Social Media, Apps And Gaming Changes Children's Brains In Not So Good Ways
Ecker Hill Middle School students and parents will have a chance to learn about how electronics affects the human brain. Research shows the addictive impacts of using electronics on children’s neurological and emotional health.
Dr. Christy Kane will lead the presentation next Thursday from 6 to 8 pm at Ecker Hill Middle School. She says the American College of Pediatrics published a report that less than five percent of our kids get appropriate physical exercise. Social media and gaming are thought to be one of the causes of the increase in obesity in children.
“We actually have some reports that show the thinning of the cerebral cortex of the developing brain because we’re not going through the same kind of neurological growth patterns as the generation before because our young people spend more time in their short-term memory, neuro transmitter stimulation process of dopamine.”
The results of sedentary habits and spending so much time on electronic devices, increases obesity, anxiety, depression and suicide in young people.
“The brain when it’s overstimulated and over stressed, it produces a hormone called cortisol. And, that hormone makes it so another neurotransmitter called serotonin, which is a mood stabilizing transmitter can’t be absorbed by the brain.”
Kane says apps and games are typically designed by psychologists to make them habit forming and addictive because they play with the neurotransmitter, dopamine.
“Drugs play with the neurotransmitter, dopamine and electronics play with the same transmitter. Now, that’s a transmitter we’re supposed to have and is beneficial to our brain. But, when it’s over stimulated, the brain goes into a heightened state of hyper sensitivity. And the dangerous side of where the addiction come in at, is dopamine is an anticipatory neuro transmitter. So, we get dopamine put into the synapses of the brain when we anticipate the reception of something. So, the reason electronics can become habit forming and addictive is because of the anticipation of getting a text, getting a post, getting a like, getting a level up in the video game.”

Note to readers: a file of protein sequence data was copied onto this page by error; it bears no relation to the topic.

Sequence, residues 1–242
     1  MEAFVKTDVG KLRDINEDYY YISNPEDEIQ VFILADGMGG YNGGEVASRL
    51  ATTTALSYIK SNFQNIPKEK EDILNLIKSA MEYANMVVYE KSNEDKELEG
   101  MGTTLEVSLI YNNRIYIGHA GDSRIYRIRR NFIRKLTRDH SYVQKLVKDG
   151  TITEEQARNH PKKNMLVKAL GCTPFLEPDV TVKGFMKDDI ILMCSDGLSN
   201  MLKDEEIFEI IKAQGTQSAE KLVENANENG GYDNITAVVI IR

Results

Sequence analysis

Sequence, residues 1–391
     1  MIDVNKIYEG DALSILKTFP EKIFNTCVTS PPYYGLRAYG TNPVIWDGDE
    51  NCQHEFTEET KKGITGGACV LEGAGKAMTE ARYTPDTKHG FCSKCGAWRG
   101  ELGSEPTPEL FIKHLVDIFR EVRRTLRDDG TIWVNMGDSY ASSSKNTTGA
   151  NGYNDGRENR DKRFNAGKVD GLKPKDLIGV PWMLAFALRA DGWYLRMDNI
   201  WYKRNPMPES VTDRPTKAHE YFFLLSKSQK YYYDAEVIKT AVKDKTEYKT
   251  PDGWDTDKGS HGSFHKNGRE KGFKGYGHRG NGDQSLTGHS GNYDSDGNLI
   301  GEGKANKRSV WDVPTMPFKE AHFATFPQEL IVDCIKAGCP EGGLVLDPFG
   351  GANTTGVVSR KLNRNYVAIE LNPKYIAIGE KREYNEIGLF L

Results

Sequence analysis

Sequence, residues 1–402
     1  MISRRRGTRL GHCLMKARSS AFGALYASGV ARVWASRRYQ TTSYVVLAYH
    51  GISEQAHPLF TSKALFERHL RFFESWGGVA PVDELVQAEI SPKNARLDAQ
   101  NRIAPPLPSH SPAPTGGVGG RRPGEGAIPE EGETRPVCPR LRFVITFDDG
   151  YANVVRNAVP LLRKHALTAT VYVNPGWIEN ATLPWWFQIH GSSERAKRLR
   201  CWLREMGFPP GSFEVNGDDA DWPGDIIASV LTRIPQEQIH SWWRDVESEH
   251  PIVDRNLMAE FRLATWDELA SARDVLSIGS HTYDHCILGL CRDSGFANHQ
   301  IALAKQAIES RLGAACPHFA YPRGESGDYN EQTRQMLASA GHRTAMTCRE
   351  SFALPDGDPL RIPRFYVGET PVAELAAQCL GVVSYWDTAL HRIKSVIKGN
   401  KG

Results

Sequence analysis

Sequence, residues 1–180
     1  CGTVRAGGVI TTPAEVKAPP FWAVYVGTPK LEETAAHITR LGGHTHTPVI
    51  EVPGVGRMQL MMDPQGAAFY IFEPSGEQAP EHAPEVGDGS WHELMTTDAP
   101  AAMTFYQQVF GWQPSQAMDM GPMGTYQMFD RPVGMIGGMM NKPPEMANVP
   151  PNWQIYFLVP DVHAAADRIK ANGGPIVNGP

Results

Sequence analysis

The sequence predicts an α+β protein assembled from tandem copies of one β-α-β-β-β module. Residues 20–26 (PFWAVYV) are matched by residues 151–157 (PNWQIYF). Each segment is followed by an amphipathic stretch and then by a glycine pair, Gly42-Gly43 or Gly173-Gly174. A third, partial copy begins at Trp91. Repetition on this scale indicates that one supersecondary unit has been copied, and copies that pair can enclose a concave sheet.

She says without this feedback, kids wouldn’t return to the media.
Kane says she’ll present all the research when she meets with parents and she’ll give them guidance in putting together a family media plan. She says no one anticipated how damaging cell phones and media devices would be for children.
“So, now we’re having to reel things back in. But they can do that if they involve the kids in the conversation. They do kind of a family media plan. I suggest they have a certain time in the morning, where the phone never comes on. They have meal times where all phones are put in a basket and not allowed. And, no cell phones, no electronic devices in the bedroom. We have research that shows we have the most sleep deprived adolescents because parents think they’ve gone to bed and they’re under their covers till three or four in the morning on their phone.”
She says parents should set the example for electronic screen time. She says no one can process all the stimulation and screen images at one time.
Dr. Christy Kane will present the interactive workshop for parents and children at Ecker Hill Middle School on March 14th from 6 to 8 pm. She’ll also hold assemblies for students and teachers during the day.